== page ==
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Saturday 3 December 2016

Is organic farming immoral when millions are starving?

John Shirley

Published 25/01/2012 | 06:00

Is it immoral to practice organic farming? I was a little shocked to hear this opinion expressed at a lecture last week. I think of the organic farmers with whom I have come into contact. While some may be in the business primarily for extra profit (and nothing wrong with that), most are farming organically through conviction.

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For them, it reflects purity in food production and respect for the environment. Such organic producers may be a trifle eccentric but I regard them as very moral citizens.

Dr Keith Dawson, of the Scottish Agricultural College, the speaker who questions the morality of organic farming, does so from a perspective that differs from most people in Ireland or Europe. As an international consultant, he is involved in farming projects in Eastern Europe, Africa, Cuba and Australia.

He sees at first hand how the world's population is exploding, how food reserves are diminishing and how famine stalks much of the globe.

He said that the unrest that has spread across North Africa and the Middle East, has its origins in food scarcity and rocketing food prices. At best, the population in Europe is vaguely aware of the food deprivation being suffered in countries such as Libya, Tunisia, Syria and Egypt (the world's biggest wheat importer).

The solution to this turmoil and unrest is more food and better quality food. Dr Dawson regards farmers as potential global peacemakers on the basis of their food production activity.

He also pointed out that last year, for the first time, urban dwellers outnumber rural dwellers across the globe. All this is putting extra pressure on food production. His contention is that the world should be squeezing the maximum food output from every usable hectare, especially the developed economies. This is a proper and moral approach. In his opinion, the ultimate in global irresponsibility is to downgrade science and end up reducing animal and crop yields in our part of the world while rainforests are felled to grow extra food elsewhere.

He is also quite sanguine about climate change. "The fact that carbon dioxide levels in the atmosphere are rising is to be welcomed. Crops use atmospheric CO2 to grow. The 7pc rise in CO2 levels will boost crop yields across the globe," he added. Given Dr Dawson's standpoint, it's no surprise that he is scathing of the EU plans for reform of the Single Farm Payment. He sees the 30pc 'greening' and the 7pc set aside measures as seriously flawed proposals for 21st Century farming.

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"The world has moved on. Having over seven billion people on the globe [double the number when Ireland joined the EEC in 1973] is new territory for all policy-makers.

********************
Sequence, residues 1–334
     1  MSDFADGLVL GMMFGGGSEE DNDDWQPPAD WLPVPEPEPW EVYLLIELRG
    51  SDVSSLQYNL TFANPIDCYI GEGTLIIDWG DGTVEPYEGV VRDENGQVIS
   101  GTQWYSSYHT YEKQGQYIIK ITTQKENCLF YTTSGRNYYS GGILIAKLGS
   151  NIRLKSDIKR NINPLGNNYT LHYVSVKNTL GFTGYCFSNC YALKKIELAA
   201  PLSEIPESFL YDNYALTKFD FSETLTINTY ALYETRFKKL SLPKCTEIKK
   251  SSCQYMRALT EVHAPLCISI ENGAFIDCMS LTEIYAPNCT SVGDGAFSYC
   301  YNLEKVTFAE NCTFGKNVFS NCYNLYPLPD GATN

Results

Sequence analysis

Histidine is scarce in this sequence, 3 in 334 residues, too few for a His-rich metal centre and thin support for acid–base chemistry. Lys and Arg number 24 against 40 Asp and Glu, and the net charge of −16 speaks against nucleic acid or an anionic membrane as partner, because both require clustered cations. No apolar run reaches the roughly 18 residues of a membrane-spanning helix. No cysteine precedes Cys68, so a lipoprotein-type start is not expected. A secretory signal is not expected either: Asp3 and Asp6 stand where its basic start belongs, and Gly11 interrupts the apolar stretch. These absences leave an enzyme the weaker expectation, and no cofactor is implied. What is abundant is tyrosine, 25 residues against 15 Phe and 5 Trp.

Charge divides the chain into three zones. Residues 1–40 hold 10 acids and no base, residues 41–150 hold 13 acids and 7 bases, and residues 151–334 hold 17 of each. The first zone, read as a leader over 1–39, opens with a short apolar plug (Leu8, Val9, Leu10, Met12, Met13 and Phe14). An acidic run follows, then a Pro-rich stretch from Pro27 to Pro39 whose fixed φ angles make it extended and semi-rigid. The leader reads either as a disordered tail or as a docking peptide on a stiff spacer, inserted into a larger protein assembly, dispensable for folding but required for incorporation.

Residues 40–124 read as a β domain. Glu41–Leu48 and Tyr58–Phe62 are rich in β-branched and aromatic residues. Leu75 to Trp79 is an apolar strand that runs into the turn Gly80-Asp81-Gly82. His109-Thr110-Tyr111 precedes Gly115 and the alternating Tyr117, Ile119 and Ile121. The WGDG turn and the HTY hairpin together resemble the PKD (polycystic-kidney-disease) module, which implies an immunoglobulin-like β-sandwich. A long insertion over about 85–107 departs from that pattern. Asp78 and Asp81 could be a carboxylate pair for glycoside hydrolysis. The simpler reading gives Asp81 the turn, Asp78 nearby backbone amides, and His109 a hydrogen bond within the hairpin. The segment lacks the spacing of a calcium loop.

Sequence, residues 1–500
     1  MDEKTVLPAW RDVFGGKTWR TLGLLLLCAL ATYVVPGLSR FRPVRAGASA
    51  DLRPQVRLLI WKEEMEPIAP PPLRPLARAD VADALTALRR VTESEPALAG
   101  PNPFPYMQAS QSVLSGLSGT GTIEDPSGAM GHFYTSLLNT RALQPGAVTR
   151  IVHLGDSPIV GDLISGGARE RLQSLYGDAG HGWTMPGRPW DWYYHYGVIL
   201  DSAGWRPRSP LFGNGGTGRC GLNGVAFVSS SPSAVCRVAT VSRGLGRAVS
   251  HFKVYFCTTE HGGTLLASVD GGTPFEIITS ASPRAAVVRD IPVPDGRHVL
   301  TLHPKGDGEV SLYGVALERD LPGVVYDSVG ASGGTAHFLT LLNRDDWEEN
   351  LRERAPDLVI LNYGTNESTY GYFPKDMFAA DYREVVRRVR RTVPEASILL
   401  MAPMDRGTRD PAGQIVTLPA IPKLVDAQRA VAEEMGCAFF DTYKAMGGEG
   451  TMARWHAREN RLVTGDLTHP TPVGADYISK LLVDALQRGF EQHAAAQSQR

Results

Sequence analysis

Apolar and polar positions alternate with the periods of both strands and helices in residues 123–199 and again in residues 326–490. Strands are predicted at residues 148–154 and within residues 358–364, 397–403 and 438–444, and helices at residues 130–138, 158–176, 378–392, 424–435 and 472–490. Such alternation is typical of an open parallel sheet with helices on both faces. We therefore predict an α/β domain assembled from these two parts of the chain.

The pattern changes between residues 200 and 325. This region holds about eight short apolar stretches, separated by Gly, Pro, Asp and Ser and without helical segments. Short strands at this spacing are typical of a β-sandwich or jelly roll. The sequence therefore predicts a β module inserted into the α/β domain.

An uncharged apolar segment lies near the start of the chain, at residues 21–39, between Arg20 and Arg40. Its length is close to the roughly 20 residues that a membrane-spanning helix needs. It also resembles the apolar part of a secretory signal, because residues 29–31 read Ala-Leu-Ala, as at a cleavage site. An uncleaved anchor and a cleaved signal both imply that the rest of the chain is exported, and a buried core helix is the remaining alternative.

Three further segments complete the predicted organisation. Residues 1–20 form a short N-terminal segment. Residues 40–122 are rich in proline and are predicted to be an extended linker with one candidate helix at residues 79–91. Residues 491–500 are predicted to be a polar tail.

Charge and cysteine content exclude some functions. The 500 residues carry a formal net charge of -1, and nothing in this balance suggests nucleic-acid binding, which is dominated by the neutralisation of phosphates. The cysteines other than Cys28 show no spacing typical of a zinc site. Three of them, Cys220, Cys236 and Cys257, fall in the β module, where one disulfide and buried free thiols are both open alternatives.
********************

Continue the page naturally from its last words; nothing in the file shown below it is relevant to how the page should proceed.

"The EU should not be so inward looking. Food security is now the critical issue for the world. Intensive food production can be compatible with a clean environment."

Nature has a way of adjusting to circumstances, whether this is rotational farming or continuous cropping. Dr Dawson described how a field in Rothamsted Research Farm in Britain has been in continuous wheat for 125 years and the sky hasn't fallen on it.

Within Ireland and the EU, organically produced food is perceived as being safer and having more flavour. Celebrity chefs are big into promoting the organic angle.

It seems to be part of the human psyche to believe that everything 'natural' is benign and that synthetic/ artificial items are risky. Also, there is a perception of mass-produced food being bland.

These are powerful attractions to a population with high spending power and a growing interest in health issues -- people only want to do what is best for themselves and their families.

However, the jury is still out on the flavour issue. Trials testing organic versus non-organic food are inconclusive. On the issue of food safety, I have confidence in the Irish and EU regulatory and licensing authorities. If anything, they can be too cautious, especially when it comes to the GM technology.

There is also an argument that organic food can be higher in pesticides. In the absence of externally applied pesticides, the crop will create its own defences to fight off disease challenges.

Dr Dawson describes organic farming as "a hobby for the rich". Fair enough for those who can afford it, but at policy-making level, global food security is now the overriding issue.

The world's old food stockpiles and reserves are gone. Droughts and weather catastrophes are now the norm rather than the exception and we must plan for such.

The Incas of South America may not have discovered the wheel or invented writing but they had a sophisticated cropping programme which allowed for routine weather disasters.

EU Farm Commissioner Dacian Ciolos should take note.

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